It all starts with an incident of a double cop-killing -- when a strung-out hooker on a supposed spree of random killings kills a pair of police officers. From there it spirals into full-fledged civic agitation and unrest. The cops are sure the incident is testament to a situation of it being "open season on cops" in the community and accordingly over-react, thus sparking a reciprocal response from the precinct's residents.
The community is named very specifically in the film's title -- Fort Apache: The Bronx. The hooker in question was played by Pam Grier, reduced to a bit (and far from "empowering") role in the years following the decline of "blaxploitation" films. An absurdist x-factor to the film's overall story, she has a few scenes in the film before her character is inconsequentially killed off fairly early in the film. Between the setting and Greer's appearance in the film, one could argue that movie served as a multifold signifier of decline.
The film received, at best, lukewarm reviews on its release in 1981. It's greatest notoriety, however, came about due to the protests it inspired among resident of the maligned neighborhood, and among critics at large who objected to the way the film pandered to ethnic stereotypes. I remember the controversy at the time, and whenever the late '70s-early '80s genre/not-genre of "urban exploitation" comes up, its one of the first films to leap to mind -- right up there with the Hobbesian fantasies of Assault on Precinct 13, The Warriors, and Escape from New York.1 Considering that the film was released at the time that Ronald Reagan had secured the White House after campaigning on anecdotes about "welfare queens" and rhetoric about "making America great again," it wasn't difficult to figure out how the film's premise and portrayal of the South Bronx dovetailed with a certain burgeoning sentiment.2
So Fort Apache: The Bronx fits very squarely into the category I mentioned earlier, and has always been one of the first films that comes to mind whenever the topic of "urban exploitation" films comes up. I only mention now it because yesterday National Public Radio did a short segment on the film, revisiting it thirty years later. There's also this article from the NY TImes archives circa 1993 that deals with the closure of the 41st Precinct House (the "Fort Apache" of the film's title). And then there's this bit from Media Justice History Project chronicling the public protests of the movie.
Speaking of which: A friend recently loaned me a copy of Joe Bob Briggs's Profoundly Disturbed: Shocking Movies That Changed History!. It's an uneven affair, but I've been surprised to find that certain chapters are more nuanced and deeply researched than I would've expected. One of these is the chapter about Shaft, in which Briggs situates the film in a number of broader contexts -- about its place in the career of Gordon Parks Sr., about its status in the "blaxploitation" genre, and about the history and inevitable fate of said genre. On this latter count, Briggs dwells on how blaxploitation films were received, from the criticism leveled by NAACP leader in the 1970s to how some of its participants saw it when looking back in hindsight. Among these is an interesting spiel from Isaac Hayes himself, who said:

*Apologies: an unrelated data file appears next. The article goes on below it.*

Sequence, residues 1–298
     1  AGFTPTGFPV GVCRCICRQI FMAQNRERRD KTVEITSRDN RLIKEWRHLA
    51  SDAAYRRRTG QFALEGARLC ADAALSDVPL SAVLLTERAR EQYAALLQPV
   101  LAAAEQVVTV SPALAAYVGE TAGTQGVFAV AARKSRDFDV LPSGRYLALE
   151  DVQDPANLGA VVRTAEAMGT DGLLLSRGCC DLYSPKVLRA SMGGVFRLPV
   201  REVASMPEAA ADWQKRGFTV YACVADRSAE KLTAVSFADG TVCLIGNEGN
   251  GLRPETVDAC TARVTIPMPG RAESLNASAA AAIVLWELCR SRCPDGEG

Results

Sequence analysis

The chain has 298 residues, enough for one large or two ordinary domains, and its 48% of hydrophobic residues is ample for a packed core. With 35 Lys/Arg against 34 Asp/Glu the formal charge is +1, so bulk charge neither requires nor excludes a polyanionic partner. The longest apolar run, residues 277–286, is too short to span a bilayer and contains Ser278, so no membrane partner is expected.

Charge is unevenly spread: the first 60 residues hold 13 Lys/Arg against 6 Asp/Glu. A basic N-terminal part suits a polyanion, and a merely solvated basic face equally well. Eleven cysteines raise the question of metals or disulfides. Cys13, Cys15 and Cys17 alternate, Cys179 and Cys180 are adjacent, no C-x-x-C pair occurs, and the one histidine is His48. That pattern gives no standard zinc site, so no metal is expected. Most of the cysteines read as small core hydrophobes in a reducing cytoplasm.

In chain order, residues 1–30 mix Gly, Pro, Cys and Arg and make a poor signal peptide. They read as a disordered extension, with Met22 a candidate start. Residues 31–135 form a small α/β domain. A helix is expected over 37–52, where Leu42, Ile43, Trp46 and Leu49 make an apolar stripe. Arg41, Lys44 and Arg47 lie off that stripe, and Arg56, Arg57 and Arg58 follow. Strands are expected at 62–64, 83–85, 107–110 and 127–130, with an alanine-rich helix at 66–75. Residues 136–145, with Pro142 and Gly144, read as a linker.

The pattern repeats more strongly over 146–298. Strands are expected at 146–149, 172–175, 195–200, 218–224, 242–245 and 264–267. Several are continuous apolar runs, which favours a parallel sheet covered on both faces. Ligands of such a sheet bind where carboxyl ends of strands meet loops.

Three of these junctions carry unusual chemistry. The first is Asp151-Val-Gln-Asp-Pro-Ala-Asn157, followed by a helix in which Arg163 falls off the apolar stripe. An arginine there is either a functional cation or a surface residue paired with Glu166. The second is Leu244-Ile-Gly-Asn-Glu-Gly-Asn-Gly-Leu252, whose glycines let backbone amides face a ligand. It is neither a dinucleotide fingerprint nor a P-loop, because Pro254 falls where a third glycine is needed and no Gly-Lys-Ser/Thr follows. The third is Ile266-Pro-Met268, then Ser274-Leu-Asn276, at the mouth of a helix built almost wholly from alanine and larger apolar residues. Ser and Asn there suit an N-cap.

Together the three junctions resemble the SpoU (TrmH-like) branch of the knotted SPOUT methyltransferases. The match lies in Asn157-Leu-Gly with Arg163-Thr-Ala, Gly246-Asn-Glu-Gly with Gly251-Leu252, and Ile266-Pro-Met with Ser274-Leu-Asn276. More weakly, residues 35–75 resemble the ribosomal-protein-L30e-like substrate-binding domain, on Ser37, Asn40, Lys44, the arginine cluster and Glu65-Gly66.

"There were white writers, and they wrote their interpretation of how they thought it should go. They didn't have a deep understanding. They didn't live there. And they just kept dishin' out the same kind of thing, and it was insulting that they had the audacity to do that. But again, the people in the 'hood were eating it up because they finally had their own people on the screen. So that's what was wrong with it. I had some problems with blaxploitation. You had whitespolitation films, too: Chained Heat, The Texas Chain Saw Massacre, and all that junk. But they had other choices. We only had one."
To my surprise, I learned a couple of things from Briggs's chapter on The Cabinet of Dr. Caligari, too.
1. Another highly controversial film of the time was the 1980 film Cruising, in which Al Pacino played a police officer going undercover to track a serial killer through the gay subculture on NYC. The film's portrayal of said subculture -- itself a metonym for societal decay -- unsurprisingly incited an outcry from the gay community. As far as the period-specif bankability of the "urban exploitation" cinematic meme, I suppose all signs point back to Taxi Driver.
2. The "welfare queen" anecdote had been in circulation for a while, having been frequently used by Alabama governor George Wallace during his own campaigns for the presidency in the early 1970s. Reagan revived the story and used it repeatedly, despite that fact that some of his campaign advisors recommended that he drop it, since the tale was an urban myth and had no basis in fact.